(Photography by Paul Mc Manus)
Steve Wickham is a true Sligo treasure. As a long-serving member of The Waterboys, the Dublin born violinist has travelled the globe collaborating and performing live with the likes of Bob Dylan, U2, REM, Elvis Costello, The Hothouse Flowers and Sinead O’ Conner. Wickham is a resident studio artist at The Model. It isn’t an all too uncommon occurrence to hear the sound Wickham’s soaring violin spilling from the window of his studio whilst passing below. It’s a bit like having Madonna in the attic, really.
Safe to say, we consider ourselves very lucky to have him. Having had such a prolific career, it is no surprise that Wickham is gearing up to release his second solo album, Beekeeper. In preparations for the launch of the album (taking place at 8pm, Fri. 12 May in The Model) Steve Wickham sat down with our marketing assistant, Rebecca Kennedy to discuss Beekeeper, inspiration, and Sligo.
Can you tell a bit about how Beekeeper came about?
I was sitting for a painting for Nick Miller in his studio up in Rathcormac for about a week. I asked Nick was it okay for me to bring my violin because it’s kind of boring to just sit there. He was into it. I brought the fiddle and improvised while he painted me. I brought a recorder to tape all the tunes and in the end I had hours and hours of improvised music. As I was collating the music, I realized I wasn’t ready just yet to make that album yet but it sparked the creative juices to put out a solo album so I did. I recorded some of it in my studio. The creative process was spurred on by being in The Model. I wrote ‘Song of Lost Things’ in The Model and ‘The Hare.’
Your music is such an eclectic mixture of sound. What goes through your head while your writing?
It’s one song at a time. I never think, ‘Oh, I have an album here.’ I had a lot of pieces that were saying to me ‘what are you going to do with me?’ I kind of answer them by saying; ‘I’m going to put you all in an album.’ I had a great producer working with me, a guy called, Joe Chester. He’s actually an old friend of mine. He was in The Waterboys. He’s an Irish producer who worked with Hozier. He has a great aesthetic. When you’re working on things yourself, you’re too close to them. Like a curator in an art gallery, a producer can step back from an artists’ work to actually look at it. So, I’d a lot of help from Joe and some of the guys in The Waterboys. I also had help from Brian Mc Donagh with whom I began the recording process.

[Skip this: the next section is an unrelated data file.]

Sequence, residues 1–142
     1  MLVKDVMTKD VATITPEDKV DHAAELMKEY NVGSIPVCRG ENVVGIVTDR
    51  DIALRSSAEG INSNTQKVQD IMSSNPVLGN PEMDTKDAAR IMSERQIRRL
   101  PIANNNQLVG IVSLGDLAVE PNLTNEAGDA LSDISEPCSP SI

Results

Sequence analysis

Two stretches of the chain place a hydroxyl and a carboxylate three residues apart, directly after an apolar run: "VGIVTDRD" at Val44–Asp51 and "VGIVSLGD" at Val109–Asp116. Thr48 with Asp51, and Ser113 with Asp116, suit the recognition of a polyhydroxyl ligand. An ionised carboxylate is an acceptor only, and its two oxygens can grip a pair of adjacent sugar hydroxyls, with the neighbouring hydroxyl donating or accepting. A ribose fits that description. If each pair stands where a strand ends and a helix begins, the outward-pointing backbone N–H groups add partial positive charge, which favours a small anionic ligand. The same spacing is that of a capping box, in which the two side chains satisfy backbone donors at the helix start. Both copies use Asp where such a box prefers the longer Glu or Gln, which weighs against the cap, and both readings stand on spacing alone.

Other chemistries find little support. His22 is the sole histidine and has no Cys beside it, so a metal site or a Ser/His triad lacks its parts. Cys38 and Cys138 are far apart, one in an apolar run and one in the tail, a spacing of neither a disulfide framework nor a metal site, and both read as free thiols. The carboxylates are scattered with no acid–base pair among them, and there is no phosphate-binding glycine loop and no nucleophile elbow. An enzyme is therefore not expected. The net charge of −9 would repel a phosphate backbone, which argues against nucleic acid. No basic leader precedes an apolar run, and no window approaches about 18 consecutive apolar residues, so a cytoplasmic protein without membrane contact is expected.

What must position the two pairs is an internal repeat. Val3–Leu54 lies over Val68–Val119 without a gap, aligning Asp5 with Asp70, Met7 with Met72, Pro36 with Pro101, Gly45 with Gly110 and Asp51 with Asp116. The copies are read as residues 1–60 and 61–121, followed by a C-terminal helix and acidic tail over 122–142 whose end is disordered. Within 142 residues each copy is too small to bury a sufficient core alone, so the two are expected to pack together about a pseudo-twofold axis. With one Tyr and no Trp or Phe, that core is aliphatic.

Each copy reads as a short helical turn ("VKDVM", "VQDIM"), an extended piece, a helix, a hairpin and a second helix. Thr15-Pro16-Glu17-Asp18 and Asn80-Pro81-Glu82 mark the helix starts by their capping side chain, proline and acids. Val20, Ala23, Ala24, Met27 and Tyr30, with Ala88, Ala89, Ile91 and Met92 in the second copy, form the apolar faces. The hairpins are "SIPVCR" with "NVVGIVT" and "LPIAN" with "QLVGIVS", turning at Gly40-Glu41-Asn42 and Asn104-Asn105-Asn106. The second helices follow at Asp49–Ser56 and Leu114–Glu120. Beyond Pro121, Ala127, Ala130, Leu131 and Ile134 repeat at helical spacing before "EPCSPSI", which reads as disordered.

How does your experience as a solo artist compare to your experience of being in a band?
When you find yourself in any sort of group, there’s a group dynamic to be aware of. When you are part of a band of musicians, you must find the dynamic. Find your own place within it. That place, where you can give most of your musical self. The lead singer or songwriter is generally the leader of the band. I am primarily a violinist and most of my career has been spent supporting the song and the singer and for the most part this has been completely fulfilling for me. With this record I’ve had to stand up more to the fore which is a bit more daunting but fun too, especially with a great band behind me.
If you could describe Beekeeper in three words, what would they be?
A hive of songs…or a deadly buzz!